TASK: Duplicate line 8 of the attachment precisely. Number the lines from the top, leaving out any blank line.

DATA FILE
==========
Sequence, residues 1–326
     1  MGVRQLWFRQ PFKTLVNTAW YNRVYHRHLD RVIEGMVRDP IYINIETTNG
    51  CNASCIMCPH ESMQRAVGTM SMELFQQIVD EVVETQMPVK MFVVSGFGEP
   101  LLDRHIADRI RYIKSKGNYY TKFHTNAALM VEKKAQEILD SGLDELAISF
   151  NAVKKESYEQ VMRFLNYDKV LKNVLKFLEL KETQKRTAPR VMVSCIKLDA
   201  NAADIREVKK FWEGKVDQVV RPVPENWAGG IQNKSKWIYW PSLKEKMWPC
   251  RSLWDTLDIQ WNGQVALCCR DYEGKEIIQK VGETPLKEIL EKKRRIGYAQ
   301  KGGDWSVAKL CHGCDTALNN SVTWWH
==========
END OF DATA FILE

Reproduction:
   301  KGGDWSVAKL CHGCDTALNN SVTWWH